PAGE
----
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Care must be taken to avoid the actual fibroid, as incisions in the vicinity of a fibroid can lead to
haemorrhage. If a vertical lower uterine segment incision is planned, there needs to be more
extensive dissection of the bladder in order to keep the vertical incision within the lower
segment. If the incision extends downwards, it may tear through the cervix to the vagina and
possibly the bladder. The advantage of this incision is a lower risk of lateral extension into the
uterine vessels.

The classical caesarean section has a limited place in modern obstetrics, and is only performed
if there is no lower segment of the uterus, or with a difficult transverse lie. However, if a large
fibroid obscures the whole lower segment, this may be your only option.

After delivery of the baby and placenta, the uterus is closed in two to three layers: usually with
a classical caesarean section the muscle is relatively thick, and therefore needs to be sutured in
multiple layers. The serosa is then closed with a suture material that would not cause adhesion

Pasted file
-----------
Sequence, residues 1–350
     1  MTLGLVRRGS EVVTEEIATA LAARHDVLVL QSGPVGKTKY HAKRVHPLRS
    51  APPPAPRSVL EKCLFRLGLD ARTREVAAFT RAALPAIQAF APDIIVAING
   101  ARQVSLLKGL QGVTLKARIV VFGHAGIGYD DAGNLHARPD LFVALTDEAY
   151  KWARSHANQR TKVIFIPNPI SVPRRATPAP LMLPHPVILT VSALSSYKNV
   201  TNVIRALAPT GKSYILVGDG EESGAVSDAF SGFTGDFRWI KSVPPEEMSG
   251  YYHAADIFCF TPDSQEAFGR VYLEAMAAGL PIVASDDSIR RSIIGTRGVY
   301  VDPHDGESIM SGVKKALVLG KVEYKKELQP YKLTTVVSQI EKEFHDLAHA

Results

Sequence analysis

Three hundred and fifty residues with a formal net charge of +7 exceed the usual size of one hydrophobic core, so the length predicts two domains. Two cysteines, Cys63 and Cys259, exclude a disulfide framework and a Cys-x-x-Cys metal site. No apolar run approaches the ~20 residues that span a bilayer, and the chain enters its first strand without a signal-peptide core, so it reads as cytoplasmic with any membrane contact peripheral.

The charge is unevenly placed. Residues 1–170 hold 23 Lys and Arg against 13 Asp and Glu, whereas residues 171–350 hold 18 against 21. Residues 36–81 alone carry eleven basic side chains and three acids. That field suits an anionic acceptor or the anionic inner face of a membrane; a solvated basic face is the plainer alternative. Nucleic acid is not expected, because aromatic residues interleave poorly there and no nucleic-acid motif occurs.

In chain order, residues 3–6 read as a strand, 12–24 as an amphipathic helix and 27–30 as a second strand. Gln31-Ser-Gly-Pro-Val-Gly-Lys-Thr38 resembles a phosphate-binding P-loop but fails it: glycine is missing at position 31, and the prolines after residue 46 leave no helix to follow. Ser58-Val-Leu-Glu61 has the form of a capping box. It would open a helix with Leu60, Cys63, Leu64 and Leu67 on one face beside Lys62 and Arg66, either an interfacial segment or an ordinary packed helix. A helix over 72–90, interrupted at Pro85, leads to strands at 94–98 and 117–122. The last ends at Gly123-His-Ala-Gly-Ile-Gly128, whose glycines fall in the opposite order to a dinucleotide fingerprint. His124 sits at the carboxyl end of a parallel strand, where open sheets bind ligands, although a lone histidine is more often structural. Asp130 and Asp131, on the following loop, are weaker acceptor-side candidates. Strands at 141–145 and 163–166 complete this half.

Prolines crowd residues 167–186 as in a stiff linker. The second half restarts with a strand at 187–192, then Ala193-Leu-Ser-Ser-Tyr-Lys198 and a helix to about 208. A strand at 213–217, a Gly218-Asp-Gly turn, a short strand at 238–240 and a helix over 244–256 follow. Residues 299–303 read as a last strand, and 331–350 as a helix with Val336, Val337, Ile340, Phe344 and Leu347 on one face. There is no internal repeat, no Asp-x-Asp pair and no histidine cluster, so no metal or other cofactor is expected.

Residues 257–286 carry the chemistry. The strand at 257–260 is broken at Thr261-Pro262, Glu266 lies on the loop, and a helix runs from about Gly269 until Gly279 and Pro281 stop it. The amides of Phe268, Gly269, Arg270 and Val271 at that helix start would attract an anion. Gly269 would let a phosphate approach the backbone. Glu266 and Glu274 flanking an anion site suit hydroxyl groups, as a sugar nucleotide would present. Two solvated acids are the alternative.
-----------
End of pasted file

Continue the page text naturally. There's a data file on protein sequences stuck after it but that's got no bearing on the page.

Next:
formation, for example monocryl (if available).
Carefully monitor this patient for blood loss, as a fibroid can interfere with myometrial
contraction. Give the patient one Misoprostil per os (200g) during the procedure, and
instruct the anaesthetist to give 5-10 IU Syntocinon as a stat dose, and a further 10-20 IU
Syntocinon in the drip as a continuous infusion. Post operatively administer 400g Misoprostil
per rectum. The Misoprostil can be used for a further 1-2 days depending on the vaginal blood
loss.
Previous Caesarean Section / Surgery with Extensive Pelvic Adhesions
This procedure is often fraught with unexpected difficulties. The rule is to expect the worst
and to approach the surgery with great caution.

Procedure
After the skin and the fascia have been opened, gently approach the sheath. Be very careful
with the sheath, because bladder, bowel or even the uterus might be adherent. Sometimes the
sheath might be fibrous and unyielding, but with the cautery on cutting (at 40 watts) one
can easily get through it.
If omentum is adherent to the sheath and peritoneum, clamp the adhesion, cut and tie it off
with vicryl (or similar)
If the bladder is adherent to the sheath and peritoneal surface, try to open the peritoneal